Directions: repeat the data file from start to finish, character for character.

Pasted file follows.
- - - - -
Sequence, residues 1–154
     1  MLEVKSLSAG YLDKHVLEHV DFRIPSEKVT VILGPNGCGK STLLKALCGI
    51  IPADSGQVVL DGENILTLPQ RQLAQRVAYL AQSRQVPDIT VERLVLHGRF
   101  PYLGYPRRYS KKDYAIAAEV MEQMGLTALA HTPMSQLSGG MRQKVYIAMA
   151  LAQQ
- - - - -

Sequence, residues 1–154
     1  MLEVKSLSAG YLDKHVLEHV DFRIPSEKVT VILGPNGCGK STLLKALCGI
    51  IPADSGQVVL DGENILTLPQ RQLAQRVAYL AQSRQVPDIT VERLVLHGRF
   101  PYLGYPRRYS KKDYAIAAEV MEQMGLTALA HTPMSQLSGG MRQKVYIAMA
   151  LAQQ